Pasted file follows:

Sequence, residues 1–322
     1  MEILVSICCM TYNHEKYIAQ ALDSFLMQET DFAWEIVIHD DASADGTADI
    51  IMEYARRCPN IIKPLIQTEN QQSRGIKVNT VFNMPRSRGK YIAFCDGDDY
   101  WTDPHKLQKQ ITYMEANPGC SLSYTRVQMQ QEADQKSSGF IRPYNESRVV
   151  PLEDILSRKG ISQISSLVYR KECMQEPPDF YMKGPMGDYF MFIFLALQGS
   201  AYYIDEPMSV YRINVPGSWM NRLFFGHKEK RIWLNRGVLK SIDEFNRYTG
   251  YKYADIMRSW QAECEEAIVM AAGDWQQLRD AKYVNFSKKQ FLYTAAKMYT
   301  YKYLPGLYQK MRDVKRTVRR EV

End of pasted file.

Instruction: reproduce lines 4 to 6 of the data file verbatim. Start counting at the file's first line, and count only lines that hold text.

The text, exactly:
   101  WTDPHKLQKQ ITYMEANPGC SLSYTRVQMQ QEADQKSSGF IRPYNESRVV
   151  PLEDILSRKG ISQISSLVYR KECMQEPPDF YMKGPMGDYF MFIFLALQGS
   201  AYYIDEPMSV YRINVPGSWM NRLFFGHKEK RIWLNRGVLK SIDEFNRYTG